The avocado is a rather unique type of fruit.
Most fruit consists primarily of carbohydrate, while avocado is high in healthy fats.
Numerous studies show that it has powerful beneficial effects on health.
Here are 5 health benefits of avocado, that are supported by scientific research.
1. Avocado is Incredibly Nutritious
What we refer to as “avocado” is the fruit of the avocado tree, called Persea americana (1).
This fruit is prized for its high nutrient value and is added to all sorts of dishes due to its good flavor and rich texture. It is the main ingredient in guacamole.
These days, the avocado has become an incredibly popular food among health conscious individuals. It is often referred to as a superfood… which is not surprising given its health properties (2).
There are many kinds of avocados, and the shape (from pear-shaped to round) and color (from green to black) can vary between them. They can also weigh anywhere from 8 ounces (220 grams) to 3 pounds (1.4 kg).
The most popular type is called Hass avocado.
It is often called “alligator pear,” which is very descriptive because it tends to be shaped like a pear and have green, bumpy skin… like an alligator.
The yellow-green flesh inside the fruit is eaten, but the skin and seed are discarded.
Avocados are very nutritious and contain a wide variety of nutrients, including 20 different vitamins and minerals.
- Vitamin K: 26% of the RDA.
- Folate: 20% of the RDA.
- Vitamin C: 17% of the RDA.
- Potassium: 14% of the RDA.
- Vitamin B5: 14% of the RDA.
- Vitamin B6: 13% of the RDA.
- Vitamin E: 10% of the RDA.
- Then it contains small amounts of Magnesium, Manganese, Copper, Iron, Zinc, Phosphorous, Vitamin A, B1 (Thiamine), B2 (Riboflavin) and B3 (Niacin).
This is coming with 160 calories, 2 grams of protein and 15 grams of healthy fats. Although it contains 9 grams of carbs, 7 of those are fiber so there are only 2 “net” carbs, making this a low-carb friendly plant food.
Avocados do not contain any cholesterol or sodium, and are low in saturated fat. I personally don’t think that matters, but this is one of the reasons they are favored by many “old school” experts who still believe these things are inherently harmful.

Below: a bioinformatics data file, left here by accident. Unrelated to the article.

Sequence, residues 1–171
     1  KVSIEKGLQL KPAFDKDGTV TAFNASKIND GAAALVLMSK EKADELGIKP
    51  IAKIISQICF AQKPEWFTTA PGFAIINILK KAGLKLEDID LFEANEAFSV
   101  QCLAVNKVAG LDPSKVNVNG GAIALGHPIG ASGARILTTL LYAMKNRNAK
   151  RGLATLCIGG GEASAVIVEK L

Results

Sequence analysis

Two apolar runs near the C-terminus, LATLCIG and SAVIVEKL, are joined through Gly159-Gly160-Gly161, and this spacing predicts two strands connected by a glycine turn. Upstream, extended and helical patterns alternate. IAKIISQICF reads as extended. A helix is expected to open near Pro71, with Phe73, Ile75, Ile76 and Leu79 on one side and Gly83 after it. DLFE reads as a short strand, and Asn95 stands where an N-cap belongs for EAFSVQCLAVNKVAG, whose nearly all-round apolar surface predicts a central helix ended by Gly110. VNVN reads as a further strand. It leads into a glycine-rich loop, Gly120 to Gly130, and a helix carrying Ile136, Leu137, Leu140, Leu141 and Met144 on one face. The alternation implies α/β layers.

BOTTOM LINE:Avocado is a green, pear-shaped fruit often called an “alligator pear.” It is loaded with healthy fats, fiber and various important nutrients.
2. They Contain More Potassium Than Bananas
Potassium is a nutrient that most people aren’t getting enough of (4).
This nutrient helps maintain electrical gradients in the body’s cells and serves various important functions.
Avocados are actually very high in potassium… with a 100 gram (3.5 ounces) serving containing 14% of the RDA, compared to 10% in bananas, which are a typical high potassium food (5).
Several studies show that having a high potassium intake is linked to reduced blood pressure, a major risk factor for heart attacks, strokes, and kidney failure (6).
BOTTOM LINE:Potassium is an important mineral that most people don’t get enough of. Avocados are very high in potassium, which should support healthy blood pressure levels.
3. Avocado is Loaded With Heart-Healthy Monounsaturated Fatty Acids
Again, avocado is a high fat food.
In fact, 77% of the calories in it are from fat, making it one of the fattiest plant foods in existence.
But they don’t just contain any fat… the majority of the fat in avocado is oleic acid.
This is a monounsaturated fatty acid that is also the major component in olive oil and believed to be responsible for some of its beneficial effects.
The fats in avocado are also pretty resistant to heat-induced oxidation, making avocado oil a healthy and safe choice for cooking.
BOTTOM LINE:Avocados and avocado oil are high in monounsaturated oleic acid, a “heart healthy” fatty acid that is believed to be one of the main reasons for the health benefits of olive oil.
4. Avocados Are Loaded With Fiber
Fiber is another nutrient found in relatively large amounts in avocado.
A distinction is often made between soluble and insoluble fiber.
Soluble fiber is known to be able to feed the friendly gut bacteria in the intestine, which are very important for the optimal function of our bodies (14).
A 100 gram (3.5 ounce) serving of avocado contains 7 grams of fiber, which is 27% of the recommended daily amount.
About 25% of the fiber in avocado is soluble, while 75% is insoluble (15).
BOTTOM LINE:Avocados tend to be high in fiber, about 7% by weight, which is very high compared to most other foods. Fiber can have various important benefits for weight loss and metabolic health.
5. Eating Avocados Can Lower Cholesterol and Triglyceride Levels
Heart disease is the most common cause of death in the world (16).
It is known that several blood markers are linked to an increased risk.
This includes cholesterol, triglycerides, inflammatory markers, blood pressure and various others.
The effects of avocado on some of these risk factors has been studied in 8 human controlled trials.
These are studies where people are split into groups… one group is instructed to eat avocados, while the other is not. Then researchers see what happens to their blood markers over time.
- Reduce total cholesterol levels significantly.
- Reduce blood triglycerides by up to 20%.
- Lower LDL cholesterol by up to 22%.
- Increase HDL (the “good”) cholesterol by up to 11%.
One of the studies showed that including avocado in a low-fat vegetarian diet led to improvements in the cholesterol profile (24).
Unfortunately, all of the human studies were small (13-37 subjects) and short-term (1-4 weeks), but the results were impressive nonetheless.
BOTTOM LINE:Numerous studies have shown that eating avocado can improve heart disease risk factors like Total, LDL and HDL cholesterol, as well as blood triglycerides.